Clean Eating: Should You Try It?

eating clean
Are you curious about the “clean eating” trend?  Read on to learn what it is, and whether or not you should give it a try.

What is clean eating?

Clean eating isn’t about making sure that your food is washed really well. Rather, it’s a way of eating and living. Clean eaters avoid–or at least limit–processed and refined foods, along with foods that have a lot of additives. They choose whole foods and tend to eat more plant-based foods, as a rule.

What are the benefits of clean eating?

People who support clean eating believe that it can lead to a number of health benefits, including:

  • Weight loss
  • More energy
  • Better sleep
  • Better moods
  • Healthier skin and hair

Getting started with clean eating

Clean eating isn’t a diet, but it does encourage a healthy lifestyle. For this reason, clean eating may be helpful for many people, especially those who are overweight or have diabetes, high blood pressure, or high cholesterol. If you’re interested in this type of lifestyle, here are some ways to get you started.

  1. Choose whole foods. Choosing “whole foods” doesn’t mean you need to start shopping at Whole Foods (unless you want to, that is). What is does mean is that you decide to eat an apple instead of a piece of apple pie, or you eat a whole chicken breast instead of Kentucky Fried Chicken. In other words, eat foods as Mother Nature intended them to be eaten.
  1. Skip the processed foods. Clean eaters avoid or limit packaged and canned foods, which tend to be processed. Doing so may not always be possible, especially on days when you need a quick and easy meal. But in general, the focus is on bypassing the box of macaroni and cheese or the high-sodium can of soup on the grocery shelf, and making your own versions from scratch.
  1. Eat mostly plant foods. You don’t have to become a vegetarian to eat clean, but one of the main principles is to eat more plant foods, like vegetables, fruits, and beans.
  1. clean eatingEat whole grains. Bypass white rice and white pasta, which are stripped of many of their nutrients and can often lead to high blood glucose after a meal. There are so many healthful whole grains to choose from, including quinoa, brown rice, and barley. “Ancient” grains have also made a comeback. If you can find them, give faro, freekeh, amaranth, spelt, or teff a try.
  1. Read labels and ingredient lists. Chances are, you’re already reading the Nutrition Facts panel for serving size and total carb grams. It only takes a few more seconds to look at the front of the package and the ingredients list. Be wary of “fat-free” or “sugar-free” foods, or foods with a bunch of ingredients that you can’t pronounce. These are sure signs of processed and/or refined foods.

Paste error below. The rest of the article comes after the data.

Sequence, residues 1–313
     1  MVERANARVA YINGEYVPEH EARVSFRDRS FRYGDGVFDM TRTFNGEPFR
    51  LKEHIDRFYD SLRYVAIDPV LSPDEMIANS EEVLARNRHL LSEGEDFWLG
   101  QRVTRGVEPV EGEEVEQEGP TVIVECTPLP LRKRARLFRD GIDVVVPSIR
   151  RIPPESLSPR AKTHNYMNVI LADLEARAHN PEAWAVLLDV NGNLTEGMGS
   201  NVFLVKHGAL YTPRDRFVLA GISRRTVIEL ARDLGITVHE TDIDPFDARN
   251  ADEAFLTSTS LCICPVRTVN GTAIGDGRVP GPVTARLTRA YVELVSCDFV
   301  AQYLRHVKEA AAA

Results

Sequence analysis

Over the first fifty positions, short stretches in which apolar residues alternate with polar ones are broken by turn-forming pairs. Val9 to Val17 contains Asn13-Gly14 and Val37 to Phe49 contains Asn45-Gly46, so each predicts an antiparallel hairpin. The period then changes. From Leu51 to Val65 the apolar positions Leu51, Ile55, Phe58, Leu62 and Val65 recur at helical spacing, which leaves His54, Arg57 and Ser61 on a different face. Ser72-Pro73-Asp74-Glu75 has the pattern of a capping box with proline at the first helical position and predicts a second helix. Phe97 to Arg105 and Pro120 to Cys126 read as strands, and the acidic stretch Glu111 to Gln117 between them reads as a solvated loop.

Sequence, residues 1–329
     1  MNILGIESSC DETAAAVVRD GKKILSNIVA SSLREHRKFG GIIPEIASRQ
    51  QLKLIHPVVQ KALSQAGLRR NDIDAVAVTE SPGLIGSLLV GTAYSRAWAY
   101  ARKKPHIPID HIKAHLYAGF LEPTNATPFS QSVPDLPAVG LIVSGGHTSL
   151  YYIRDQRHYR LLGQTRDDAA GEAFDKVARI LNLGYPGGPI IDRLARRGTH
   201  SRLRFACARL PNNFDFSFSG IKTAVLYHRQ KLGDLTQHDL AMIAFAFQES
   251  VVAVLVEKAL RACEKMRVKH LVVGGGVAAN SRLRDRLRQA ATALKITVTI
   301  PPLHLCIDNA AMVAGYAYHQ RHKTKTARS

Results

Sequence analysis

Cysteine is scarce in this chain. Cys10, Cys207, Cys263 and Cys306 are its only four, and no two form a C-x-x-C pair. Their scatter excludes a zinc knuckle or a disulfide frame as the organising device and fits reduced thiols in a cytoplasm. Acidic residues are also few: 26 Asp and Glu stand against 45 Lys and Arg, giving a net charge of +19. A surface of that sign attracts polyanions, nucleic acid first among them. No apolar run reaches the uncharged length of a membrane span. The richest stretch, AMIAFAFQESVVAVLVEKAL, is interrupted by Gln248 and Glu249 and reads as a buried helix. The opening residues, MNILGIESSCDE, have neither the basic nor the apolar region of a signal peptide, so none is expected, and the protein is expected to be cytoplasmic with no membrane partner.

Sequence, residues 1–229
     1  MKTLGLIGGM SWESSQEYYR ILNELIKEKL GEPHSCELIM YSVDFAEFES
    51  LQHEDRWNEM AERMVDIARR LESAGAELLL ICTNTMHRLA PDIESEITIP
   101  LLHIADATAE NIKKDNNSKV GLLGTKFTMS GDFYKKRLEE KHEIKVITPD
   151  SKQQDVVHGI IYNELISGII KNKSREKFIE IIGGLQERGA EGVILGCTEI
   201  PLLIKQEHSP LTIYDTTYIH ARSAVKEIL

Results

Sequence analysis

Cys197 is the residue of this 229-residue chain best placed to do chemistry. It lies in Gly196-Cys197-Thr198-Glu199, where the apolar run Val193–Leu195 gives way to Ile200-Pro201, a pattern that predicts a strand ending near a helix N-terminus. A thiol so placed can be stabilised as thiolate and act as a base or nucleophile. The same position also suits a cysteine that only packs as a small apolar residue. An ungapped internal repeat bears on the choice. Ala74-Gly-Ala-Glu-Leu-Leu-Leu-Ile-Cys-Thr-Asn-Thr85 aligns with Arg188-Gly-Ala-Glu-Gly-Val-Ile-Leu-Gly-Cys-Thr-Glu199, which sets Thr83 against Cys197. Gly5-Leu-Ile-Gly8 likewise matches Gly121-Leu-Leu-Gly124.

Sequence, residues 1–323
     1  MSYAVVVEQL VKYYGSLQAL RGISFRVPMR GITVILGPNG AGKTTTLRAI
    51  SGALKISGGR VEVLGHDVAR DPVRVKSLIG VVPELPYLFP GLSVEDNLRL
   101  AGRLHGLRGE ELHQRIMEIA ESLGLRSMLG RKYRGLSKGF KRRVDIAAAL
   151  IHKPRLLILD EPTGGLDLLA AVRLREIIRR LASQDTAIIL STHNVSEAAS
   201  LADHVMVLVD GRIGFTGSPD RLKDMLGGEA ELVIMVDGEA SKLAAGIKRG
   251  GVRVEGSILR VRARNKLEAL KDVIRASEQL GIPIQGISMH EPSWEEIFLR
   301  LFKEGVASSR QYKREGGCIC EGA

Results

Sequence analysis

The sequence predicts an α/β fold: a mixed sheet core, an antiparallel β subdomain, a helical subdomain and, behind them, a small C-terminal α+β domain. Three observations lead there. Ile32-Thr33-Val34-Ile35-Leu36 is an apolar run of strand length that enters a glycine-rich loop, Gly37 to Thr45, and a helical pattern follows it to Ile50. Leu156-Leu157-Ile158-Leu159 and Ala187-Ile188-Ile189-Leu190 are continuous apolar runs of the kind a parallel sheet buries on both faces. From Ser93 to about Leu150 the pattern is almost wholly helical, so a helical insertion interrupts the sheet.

1. Aim to balance your meals. Clean eaters don’t view certain nutrients, like carbohydrate, as “bad.” They do, however, try to balance the types of foods that they eat. That means including sources of healthy protein, fat and carbohydrate at each meal. Doing so helps to ensure that you get the nutrients that you need to stay healthy. This can improve your blood glucose levels at the same time.
  1. Choose drinks carefully. You may already be ahead of the game if you’re limiting sugary drinks like soda, energy drinks, and juice. These are often full of added sugar and artificial coloring. The best choices are water, seltzer, and unsweetened tea.
  1. Eat several meals and snacks during the day. No fasting or skipping meals. Fuel your body by eating regularly scheduled meals and snacks over the course of the day. This way of eating can sustain your energy, prevent hunger, and make it easier to manage your blood glucose levels. Check with your healthcare provider about the best way to space out your meals and snacks.

Another benefit of clean eating: You’ll likely notice that your taste buds change as you eat healthier, whole foods. Cravings for processed foods may disappear altogether. Is clean eating for you? Give it a try and find out.



(97 Articles)

Amy Campbell MS, RD, LDN, CDE is an experienced health, nutrition and diabetes educator and communicator with more than 25 years of experience within the healthcare sector. Amy has extensive expertise in editing and writing for patients, consumers and healthcare professionals; public speaking, teaching and group facilitation; project and account management; and content and curriculum development.


She is currently the Director for Clinical Education Content Development and Training at Good Measures LLC, a Health Professional Advisor at the Egg Nutrition Center, and a blogger/Writer for Madavor Media.

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